Half of the single-hull VLCCs are not trading.
About one-third of the remaining fleet of 75 single-hull very large crude carriers is classified as inactive, with utilisation rates at half the levels of newer and more modern tankers.
Ship-by-ship analysis by the Norwegian broker Lorentzen & Stemoco has found half the single-hulls were not trading ? either at anchor, in hot or cold lay-up or employed as storage facilities. ?Thus in practice, the single skinned VLCC fleet is already partially phased out as the physical removal of inactive vessels will have no impact on the market,? Lorentzen & Stemoco said in its weekly report.
As average time charter equivalent rates rose nearly $4,000 per day to over $33,000, focus has intensified on single-hull VLCC activity, with owners hoping many will be scrapped in 2010, better matching supply and demand and underpinning a rates recovery.
Lorentzen & Stemoco believes 25 single-hull tankers have in effect left the market, but that current demolition rates are too weak for a complete single skin phase-out by year-end, even though the scrapping pace should increase to six vessels per month. Eight have been sold for scrapping so far this year.
As a result Lorentzen & Stemoco forecast that the VLCC fleet, currently at 544, will grow by a further 18 units. There are 65 VLCCs scheduled for delivery in 2010 but the broker assumed 20% could be delayed or cancelled and not be delivered in time.
The findings on single-hull tankers have been underscored by fixtures reported this month: only four of the 24 VLCC spot fixtures have been for non-single hull tankers. All were loading in the Middle East Gulf and destined for the dwindling number of Asian countries that allow them enter to ports ahead of a regulatory phase-out.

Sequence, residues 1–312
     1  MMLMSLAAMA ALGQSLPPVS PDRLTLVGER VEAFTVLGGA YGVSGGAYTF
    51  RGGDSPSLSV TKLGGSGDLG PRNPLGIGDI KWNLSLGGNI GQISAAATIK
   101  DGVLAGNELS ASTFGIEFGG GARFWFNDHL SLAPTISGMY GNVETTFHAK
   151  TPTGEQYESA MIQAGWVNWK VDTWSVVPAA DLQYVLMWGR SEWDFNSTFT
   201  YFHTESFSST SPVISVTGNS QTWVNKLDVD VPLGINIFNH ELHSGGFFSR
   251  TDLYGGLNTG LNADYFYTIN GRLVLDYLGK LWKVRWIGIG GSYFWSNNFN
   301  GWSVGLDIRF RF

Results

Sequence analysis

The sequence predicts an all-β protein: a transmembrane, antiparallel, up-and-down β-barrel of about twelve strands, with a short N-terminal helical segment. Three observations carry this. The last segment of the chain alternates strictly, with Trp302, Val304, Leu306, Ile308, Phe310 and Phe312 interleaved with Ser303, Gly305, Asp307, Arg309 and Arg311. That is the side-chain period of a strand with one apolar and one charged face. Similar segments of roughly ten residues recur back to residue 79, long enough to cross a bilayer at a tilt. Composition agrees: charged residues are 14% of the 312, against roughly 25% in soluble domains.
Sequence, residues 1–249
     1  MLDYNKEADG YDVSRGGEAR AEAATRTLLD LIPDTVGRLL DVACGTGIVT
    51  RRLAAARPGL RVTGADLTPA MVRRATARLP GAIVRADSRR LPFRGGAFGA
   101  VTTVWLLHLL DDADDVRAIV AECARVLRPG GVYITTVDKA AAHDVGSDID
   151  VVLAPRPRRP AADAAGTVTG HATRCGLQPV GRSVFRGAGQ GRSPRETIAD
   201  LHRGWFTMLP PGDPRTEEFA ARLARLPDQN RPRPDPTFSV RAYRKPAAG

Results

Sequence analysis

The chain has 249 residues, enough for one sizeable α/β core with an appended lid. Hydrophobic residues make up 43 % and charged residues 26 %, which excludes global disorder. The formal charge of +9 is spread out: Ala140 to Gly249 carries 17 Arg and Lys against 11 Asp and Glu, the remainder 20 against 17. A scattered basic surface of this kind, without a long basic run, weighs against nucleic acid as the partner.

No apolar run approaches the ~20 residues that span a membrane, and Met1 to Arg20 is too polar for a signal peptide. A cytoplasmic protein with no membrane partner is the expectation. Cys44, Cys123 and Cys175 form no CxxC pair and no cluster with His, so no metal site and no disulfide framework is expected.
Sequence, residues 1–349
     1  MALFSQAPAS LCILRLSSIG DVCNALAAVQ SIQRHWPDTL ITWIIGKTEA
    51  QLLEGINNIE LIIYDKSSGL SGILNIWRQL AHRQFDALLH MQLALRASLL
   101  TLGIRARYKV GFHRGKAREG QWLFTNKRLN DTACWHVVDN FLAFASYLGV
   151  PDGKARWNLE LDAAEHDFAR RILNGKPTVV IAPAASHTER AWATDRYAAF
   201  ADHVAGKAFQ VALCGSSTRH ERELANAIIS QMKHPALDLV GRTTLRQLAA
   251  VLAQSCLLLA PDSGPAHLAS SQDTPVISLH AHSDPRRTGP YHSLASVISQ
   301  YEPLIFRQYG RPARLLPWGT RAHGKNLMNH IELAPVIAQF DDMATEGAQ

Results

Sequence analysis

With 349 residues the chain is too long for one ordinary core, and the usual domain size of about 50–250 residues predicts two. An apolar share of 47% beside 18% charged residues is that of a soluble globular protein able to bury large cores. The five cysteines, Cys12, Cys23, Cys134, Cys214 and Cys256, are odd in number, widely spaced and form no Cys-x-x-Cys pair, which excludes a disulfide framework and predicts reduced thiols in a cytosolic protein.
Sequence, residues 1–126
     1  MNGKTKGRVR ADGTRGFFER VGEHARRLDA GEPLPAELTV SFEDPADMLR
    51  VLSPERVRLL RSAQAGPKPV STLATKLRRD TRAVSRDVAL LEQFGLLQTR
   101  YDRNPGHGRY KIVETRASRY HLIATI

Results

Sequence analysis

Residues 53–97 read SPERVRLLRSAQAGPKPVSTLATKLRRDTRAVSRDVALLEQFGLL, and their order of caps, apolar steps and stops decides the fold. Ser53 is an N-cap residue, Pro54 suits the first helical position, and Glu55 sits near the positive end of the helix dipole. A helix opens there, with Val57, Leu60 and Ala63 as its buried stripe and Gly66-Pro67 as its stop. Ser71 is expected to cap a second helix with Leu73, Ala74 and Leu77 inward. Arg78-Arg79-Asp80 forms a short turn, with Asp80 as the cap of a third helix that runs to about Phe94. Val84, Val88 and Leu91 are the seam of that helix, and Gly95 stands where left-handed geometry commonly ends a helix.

Although the single-hull phase-out will play a role in tanker rates recovery, other factors are also being watched closely. February crude seaborne exports hit 32m barrels per day, according to Oil Tanker Intelligence Service ? the highest level since April 2009.
Brokers have also reported 92 VLCC spot cargoes fixed for March loadings, six higher than the same period last year, when Oil Tanker Intelligence Service reported 32.2m bpd of oil exported.
Of an estimated 16-18 VLCCs available for the remaining March loadings, a reported eight are single-hulls.
Another shipping researcher, Maritime Strategy International, said looming refinery maintenance schedules in Asia would reduce crude purchases from the Middle East in March and April. Low single-hull VLCC scrapping rates will drag on any market gains in following months, MSI said.
The London-based researcher also forecast average rates of $25,900 per day in May, 11% lower than February"s average, and half the January average of $49,300.
However improved rates this year have seen one-year daily timecharter rates for a modern 300,000 dwt VLCC now hit $37,400, $1,000 higher than January levels.